Skip to content

Developer to challenge action after Kelowna council pulls contentious permit

‘We’ll use the tools available to us to challenge this action’
Kelowna council has rescinded the development permit for a 25-storey tower planned for 350 Doyle Ave. (Gary Barnes/Capital News)

At its Aug. 14 regular meeting, Kelowna council pulled the development permit for a 25-storey tower planned for 350 Doyle Avenue, the site of the old RCMP detachment.

After a staff report outlining concerns that several speakers at a public hearing on the project were paid a per diem for their appearance, council voted unanimously to rescind the permit.

“Two of the players (council and the public) were unaware payments were made,” said Stephen Flemming, city clerk. “The rules of the game were tilted in a way that two of the three parties were not aware.”

READ MORE: Dollars given to supporters of Doyle development at Kelowna public hearing

Council included in its decision an invitation to the developer, Appelt Properties, to reapply for a permit.

CEO Greg Appelt attended the meeting remotely.

“This has been a profoundly disappointing turn of events,” said Appelt. “It has taken considerable work and dollars to bring this project to the development permit stage.”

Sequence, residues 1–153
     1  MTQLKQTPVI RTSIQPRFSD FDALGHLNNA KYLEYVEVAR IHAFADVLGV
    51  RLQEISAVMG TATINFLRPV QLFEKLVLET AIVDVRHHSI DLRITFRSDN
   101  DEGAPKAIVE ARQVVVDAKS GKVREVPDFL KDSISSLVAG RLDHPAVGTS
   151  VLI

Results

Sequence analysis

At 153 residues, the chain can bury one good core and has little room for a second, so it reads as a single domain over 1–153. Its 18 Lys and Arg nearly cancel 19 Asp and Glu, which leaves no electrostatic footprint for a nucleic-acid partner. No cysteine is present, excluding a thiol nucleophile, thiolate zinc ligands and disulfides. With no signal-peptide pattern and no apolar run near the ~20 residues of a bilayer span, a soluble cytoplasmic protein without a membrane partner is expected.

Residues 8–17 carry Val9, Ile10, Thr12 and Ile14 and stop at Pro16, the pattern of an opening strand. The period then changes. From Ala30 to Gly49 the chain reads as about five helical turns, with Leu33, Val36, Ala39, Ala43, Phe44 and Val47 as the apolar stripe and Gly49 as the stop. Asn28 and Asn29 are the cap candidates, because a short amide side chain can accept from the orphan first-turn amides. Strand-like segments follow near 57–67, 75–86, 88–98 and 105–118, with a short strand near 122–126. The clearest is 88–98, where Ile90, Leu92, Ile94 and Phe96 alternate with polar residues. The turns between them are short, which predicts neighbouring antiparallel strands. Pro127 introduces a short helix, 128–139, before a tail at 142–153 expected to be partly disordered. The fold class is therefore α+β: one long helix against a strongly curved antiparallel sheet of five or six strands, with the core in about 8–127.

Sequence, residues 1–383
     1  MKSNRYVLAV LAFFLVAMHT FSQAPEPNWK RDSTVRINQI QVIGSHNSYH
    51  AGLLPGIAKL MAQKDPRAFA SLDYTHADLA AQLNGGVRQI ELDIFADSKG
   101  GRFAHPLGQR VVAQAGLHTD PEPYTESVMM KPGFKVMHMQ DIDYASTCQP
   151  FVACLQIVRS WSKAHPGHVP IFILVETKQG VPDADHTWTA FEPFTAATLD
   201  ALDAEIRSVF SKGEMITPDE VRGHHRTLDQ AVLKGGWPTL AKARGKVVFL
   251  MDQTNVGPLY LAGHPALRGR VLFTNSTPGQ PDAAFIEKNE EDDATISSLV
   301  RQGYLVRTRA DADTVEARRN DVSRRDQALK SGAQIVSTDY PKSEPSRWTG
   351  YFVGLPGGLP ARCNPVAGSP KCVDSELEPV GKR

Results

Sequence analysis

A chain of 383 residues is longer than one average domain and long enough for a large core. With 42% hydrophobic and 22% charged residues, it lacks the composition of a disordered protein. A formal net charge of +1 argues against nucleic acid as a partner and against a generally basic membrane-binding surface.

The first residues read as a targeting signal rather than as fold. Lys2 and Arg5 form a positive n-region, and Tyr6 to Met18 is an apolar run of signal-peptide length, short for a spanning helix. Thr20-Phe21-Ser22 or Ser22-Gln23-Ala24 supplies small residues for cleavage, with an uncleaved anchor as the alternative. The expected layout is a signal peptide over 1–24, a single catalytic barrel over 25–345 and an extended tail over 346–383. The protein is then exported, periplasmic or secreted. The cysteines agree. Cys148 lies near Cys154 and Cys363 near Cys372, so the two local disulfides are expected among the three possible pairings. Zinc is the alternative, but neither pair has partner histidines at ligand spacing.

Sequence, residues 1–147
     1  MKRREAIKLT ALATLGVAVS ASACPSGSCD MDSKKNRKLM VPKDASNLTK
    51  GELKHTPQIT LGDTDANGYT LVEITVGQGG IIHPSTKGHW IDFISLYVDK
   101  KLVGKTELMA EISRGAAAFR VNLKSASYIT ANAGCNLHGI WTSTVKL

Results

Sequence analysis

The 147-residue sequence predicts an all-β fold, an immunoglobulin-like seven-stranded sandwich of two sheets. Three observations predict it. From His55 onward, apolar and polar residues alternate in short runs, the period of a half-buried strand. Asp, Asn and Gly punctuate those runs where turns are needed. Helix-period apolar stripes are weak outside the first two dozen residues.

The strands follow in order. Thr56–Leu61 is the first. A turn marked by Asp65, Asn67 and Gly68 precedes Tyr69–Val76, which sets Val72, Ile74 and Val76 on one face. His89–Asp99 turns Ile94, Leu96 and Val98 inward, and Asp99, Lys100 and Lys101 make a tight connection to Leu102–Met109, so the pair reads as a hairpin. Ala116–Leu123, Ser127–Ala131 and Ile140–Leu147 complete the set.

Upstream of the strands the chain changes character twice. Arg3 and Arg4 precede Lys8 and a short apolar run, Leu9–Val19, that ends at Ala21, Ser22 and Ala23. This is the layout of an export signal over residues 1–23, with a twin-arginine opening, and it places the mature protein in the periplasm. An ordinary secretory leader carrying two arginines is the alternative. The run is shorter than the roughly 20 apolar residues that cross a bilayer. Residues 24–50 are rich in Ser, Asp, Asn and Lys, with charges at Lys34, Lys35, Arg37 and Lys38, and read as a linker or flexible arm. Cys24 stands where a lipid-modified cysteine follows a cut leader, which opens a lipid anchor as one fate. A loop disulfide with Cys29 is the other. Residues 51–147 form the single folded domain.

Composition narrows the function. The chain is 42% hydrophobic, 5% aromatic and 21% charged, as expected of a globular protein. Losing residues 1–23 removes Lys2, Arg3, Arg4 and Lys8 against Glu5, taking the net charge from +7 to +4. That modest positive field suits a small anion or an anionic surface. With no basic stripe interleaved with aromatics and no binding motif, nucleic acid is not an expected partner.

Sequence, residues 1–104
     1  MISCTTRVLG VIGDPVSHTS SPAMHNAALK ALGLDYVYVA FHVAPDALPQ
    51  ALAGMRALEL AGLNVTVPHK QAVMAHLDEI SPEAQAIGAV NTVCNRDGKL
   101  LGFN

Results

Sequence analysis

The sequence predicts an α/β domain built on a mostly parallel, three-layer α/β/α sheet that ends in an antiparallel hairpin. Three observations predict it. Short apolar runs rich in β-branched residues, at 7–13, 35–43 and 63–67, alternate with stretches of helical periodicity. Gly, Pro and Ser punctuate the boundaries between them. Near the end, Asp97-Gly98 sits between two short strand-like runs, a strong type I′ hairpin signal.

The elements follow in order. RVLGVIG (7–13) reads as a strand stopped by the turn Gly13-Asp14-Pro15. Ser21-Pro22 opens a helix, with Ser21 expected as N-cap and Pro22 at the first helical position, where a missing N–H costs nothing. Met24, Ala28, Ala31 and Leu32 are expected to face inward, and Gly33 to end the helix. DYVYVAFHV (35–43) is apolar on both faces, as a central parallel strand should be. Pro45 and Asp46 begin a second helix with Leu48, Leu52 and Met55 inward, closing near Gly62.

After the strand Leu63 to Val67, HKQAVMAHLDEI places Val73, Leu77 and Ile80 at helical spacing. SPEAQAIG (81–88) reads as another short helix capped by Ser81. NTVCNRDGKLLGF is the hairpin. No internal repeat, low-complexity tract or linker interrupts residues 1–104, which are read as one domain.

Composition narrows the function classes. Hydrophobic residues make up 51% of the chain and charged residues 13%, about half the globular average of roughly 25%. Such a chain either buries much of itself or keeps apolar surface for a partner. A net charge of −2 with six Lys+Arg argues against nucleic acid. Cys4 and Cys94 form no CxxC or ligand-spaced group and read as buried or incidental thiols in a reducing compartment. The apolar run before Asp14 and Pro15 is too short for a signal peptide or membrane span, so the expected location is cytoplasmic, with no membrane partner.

Appelt noted that his company has been transparent and has not hidden the per diem issue.

“We have not broken any rules or laws. Can we really pretend that students, who were paid a per diem, tainted this process?”

Appelt also said that well-funded opposition to the development was well represented at the public hearing, and cautioned council about rescinding the development permit.

“We’ll use the tools available to us to challenge this action,” he added.

At the end of his comment Appelt said he would not take any questions from council.

Mayor Tom Dyas also spoke to reporters after the meeting.

“I can say that the information we released, outlining why we had the hearing and what staff had completed today and the communications back and forth between Appelt Properties, are kind of the guiding principles of why that motion was brought forward today. The view I think we took was one that we were concerned that it was a tainted process and that’s what we voted on.”


Like us on Facebook and follow us on Twitterand subscribe to our daily newsletter.

Gary Barnes

About the Author: Gary Barnes

Journalist and broadcaster for three decades.
Read more